By Elizabeth Young

A stay-at-home order because of COVID-19 didn’t stop Arizona Southern Baptist churches from celebrating Easter and sharing the Easter story, sometimes in creative ways.

In their online sermons on Palm Sunday, pastors in the Valley Life network of churches in greater Phoenix encouraged members to “preach” their own sermons for Easter. In their community groups during the week, members were taught how to share their “Before, How, Now” stories by explaining: Before I met Jesus, my life was like _______, (How) Then I repented of my sins and put my faith in Jesus, Now my life is like _______.

“Instead of Valley Life pastors preaching one Easter sermon to 800-1,000 people, we are asking 800-1,000 people to preach Easter sermons to their friends,” said Brian Bowman, lead pastor of Valley Life — Tramonto, in a post on Facebook.

Members shared their testimonies in a variety of ways, including through video and written testimonies posted on social media.

On Easter Sunday, Black Mountain Baptist Church, Cave Creek, released on YouTube and Facebook a four-and-a-half-minute video compilation of members at home personally completing the sentence “Because the tomb is empty …”

Just before Easter, Charles Short, pastor of First Baptist Church in Fort Mojave, used Facebook Live for a virtual Easter egg hunt for the church’s children. Walking around the church with his phone, he found plastic eggs with verses inside about the resurrection.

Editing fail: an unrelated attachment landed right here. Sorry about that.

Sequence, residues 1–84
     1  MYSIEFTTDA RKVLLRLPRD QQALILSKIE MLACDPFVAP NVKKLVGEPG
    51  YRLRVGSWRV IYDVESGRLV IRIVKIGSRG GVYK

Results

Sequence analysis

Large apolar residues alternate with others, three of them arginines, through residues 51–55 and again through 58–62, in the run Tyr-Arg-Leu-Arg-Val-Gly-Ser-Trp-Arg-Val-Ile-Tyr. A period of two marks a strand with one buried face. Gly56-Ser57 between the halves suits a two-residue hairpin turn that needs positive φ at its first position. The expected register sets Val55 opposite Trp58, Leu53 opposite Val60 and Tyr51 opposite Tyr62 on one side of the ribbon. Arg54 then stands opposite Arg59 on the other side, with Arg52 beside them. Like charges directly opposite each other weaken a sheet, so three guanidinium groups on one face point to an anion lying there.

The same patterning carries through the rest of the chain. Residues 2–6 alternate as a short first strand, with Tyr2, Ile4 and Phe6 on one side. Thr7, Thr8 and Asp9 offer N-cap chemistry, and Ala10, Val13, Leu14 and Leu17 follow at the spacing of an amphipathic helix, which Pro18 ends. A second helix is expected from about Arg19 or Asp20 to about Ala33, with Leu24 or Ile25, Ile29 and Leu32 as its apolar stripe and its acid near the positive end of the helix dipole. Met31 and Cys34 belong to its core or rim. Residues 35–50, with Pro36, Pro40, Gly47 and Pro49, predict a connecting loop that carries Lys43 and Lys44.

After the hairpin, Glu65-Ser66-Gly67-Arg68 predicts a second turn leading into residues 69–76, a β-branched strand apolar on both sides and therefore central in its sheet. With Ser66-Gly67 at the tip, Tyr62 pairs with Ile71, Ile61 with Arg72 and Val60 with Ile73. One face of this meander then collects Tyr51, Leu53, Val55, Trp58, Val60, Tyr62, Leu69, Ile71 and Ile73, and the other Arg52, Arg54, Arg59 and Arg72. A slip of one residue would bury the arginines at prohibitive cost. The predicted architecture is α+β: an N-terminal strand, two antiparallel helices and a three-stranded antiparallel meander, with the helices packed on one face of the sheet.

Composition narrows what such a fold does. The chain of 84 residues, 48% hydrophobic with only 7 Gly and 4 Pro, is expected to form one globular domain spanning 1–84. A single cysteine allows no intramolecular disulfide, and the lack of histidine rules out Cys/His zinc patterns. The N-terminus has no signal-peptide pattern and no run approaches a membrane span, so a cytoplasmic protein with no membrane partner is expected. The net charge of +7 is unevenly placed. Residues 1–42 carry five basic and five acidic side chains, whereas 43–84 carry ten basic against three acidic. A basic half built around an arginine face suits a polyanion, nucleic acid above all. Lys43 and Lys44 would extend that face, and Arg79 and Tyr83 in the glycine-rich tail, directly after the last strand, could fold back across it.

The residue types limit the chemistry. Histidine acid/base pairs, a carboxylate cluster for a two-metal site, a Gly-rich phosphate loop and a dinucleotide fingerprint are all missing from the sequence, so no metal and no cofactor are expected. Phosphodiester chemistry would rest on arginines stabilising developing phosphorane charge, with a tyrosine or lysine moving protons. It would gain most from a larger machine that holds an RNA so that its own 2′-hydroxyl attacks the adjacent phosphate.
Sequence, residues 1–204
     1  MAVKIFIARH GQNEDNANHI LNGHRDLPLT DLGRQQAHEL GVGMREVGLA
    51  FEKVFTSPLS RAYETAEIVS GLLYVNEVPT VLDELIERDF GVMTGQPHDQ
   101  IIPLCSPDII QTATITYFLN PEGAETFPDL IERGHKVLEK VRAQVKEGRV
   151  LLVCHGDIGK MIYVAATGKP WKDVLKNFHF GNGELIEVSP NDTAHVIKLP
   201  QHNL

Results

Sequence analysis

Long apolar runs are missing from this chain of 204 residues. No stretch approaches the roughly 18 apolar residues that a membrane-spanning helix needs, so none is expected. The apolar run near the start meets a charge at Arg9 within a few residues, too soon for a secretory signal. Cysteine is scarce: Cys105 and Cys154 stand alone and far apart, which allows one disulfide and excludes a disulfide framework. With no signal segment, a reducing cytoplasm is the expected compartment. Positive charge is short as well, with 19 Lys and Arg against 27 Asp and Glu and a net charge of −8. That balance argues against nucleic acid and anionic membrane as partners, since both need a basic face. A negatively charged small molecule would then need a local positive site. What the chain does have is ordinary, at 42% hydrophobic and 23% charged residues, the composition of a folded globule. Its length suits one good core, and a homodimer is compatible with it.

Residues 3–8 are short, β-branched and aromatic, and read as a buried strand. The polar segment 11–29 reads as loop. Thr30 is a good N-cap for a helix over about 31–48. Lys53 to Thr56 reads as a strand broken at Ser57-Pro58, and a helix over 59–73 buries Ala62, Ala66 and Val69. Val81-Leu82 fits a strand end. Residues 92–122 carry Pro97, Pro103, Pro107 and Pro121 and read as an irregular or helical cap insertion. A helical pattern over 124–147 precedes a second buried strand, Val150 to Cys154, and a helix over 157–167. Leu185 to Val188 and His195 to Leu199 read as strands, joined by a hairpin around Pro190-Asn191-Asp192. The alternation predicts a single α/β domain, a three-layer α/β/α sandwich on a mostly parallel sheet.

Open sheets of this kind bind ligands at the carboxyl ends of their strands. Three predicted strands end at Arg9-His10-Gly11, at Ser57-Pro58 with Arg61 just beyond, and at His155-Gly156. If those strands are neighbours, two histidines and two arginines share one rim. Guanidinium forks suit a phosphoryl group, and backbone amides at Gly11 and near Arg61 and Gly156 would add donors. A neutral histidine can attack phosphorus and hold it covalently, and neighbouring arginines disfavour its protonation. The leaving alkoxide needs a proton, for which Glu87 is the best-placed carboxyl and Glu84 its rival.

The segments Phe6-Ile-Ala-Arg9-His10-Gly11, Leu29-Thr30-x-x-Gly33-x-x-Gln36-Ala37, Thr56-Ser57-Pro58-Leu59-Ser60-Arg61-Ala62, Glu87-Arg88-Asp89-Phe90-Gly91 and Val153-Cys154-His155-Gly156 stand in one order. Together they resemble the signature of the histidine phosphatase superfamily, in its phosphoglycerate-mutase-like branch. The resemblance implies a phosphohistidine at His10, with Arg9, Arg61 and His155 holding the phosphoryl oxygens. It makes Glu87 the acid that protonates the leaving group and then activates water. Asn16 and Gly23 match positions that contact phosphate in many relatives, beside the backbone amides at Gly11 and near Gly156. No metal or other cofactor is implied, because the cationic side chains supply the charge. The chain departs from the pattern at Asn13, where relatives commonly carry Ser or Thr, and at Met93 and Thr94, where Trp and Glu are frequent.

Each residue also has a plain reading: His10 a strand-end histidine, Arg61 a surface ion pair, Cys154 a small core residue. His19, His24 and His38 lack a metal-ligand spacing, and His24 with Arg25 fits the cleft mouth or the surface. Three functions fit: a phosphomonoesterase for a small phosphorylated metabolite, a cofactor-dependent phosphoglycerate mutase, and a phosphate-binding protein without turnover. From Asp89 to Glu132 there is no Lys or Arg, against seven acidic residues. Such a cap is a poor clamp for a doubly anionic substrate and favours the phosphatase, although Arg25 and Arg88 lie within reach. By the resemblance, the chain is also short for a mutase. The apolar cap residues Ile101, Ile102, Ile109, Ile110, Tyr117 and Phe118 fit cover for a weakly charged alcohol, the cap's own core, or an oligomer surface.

Royal Palms Baptist Church, Phoenix, delivered Easter kits with home activities to teach the Easter story to all the church families with children. It was combined with Easter eggs and dropped off at every house with the message, “You’ve been egged!”

Members of First Southern Baptist Church, Thatcher, prepared ahead of time for the church’s streaming of the Easter service on Facebook and YouTube. They were asked to drive by the church building on Good Friday to receive bags for children, prepackaged Lord’s Supper elements and goodie bags.

First Baptist Church, Winslow, offered drive-thru communion and prayer during a half hour on Easter.

The Church at Estrella, Goodyear, spread the word through social media before Easter that it was offering “Communion Delivery Service” of free “factory-sealed” containers of grape juice and crackers to people’s doorsteps. The invitation stated people could worship online with the church or with their own church.

Pastor Charles Sheffe said 215 containers were distributed, and most people worshipped with The Church at Estrella, where about 125 usually worshipped before worship services went online only.

Heart Cry Church, Queen Creek, held a Kids Easter Drive Thru the Saturday before Easter, distributing lesson plans for parents to teach their children on Easter, crafts, a coloring page and Easter eggs filled with candy,

Among churches holding Easter services in cars in church parking lots were First Baptist Church, Chandler, and Catalyst Church, Casa Grande, both of whom also provided prepackaged elements for the Lord’s Supper. In Chandler, churchgoers were invited to honk to voice their amens.

Foothills Southern Baptist Church, Yuma, held an “Easter on the Drive” outreach Easter Sunday afternoon. The event, publicized on Facebook before Easter, invited families in the neighborhood near the church to call for a drive-by with a three-car display of the story of Easter and a wave from the Easter Bunny.

Common Ground Church, Sahuarita, normally holds multiple Easter egg hunts in the community, but, with the stay-at-home order, this was not possible. So, the church offered an Easter Basket Blitz instead. On Good Friday, the church delivered a basket of eggs and bags of candy to member families and included an additional set to be given to a neighbor.

On Easter Sunday, Common Ground offered Easter Jam, “an at-home digital Easter experience including engaging games, uplifting music, creative storytelling and follow-up discussion questions every family member will enjoy.”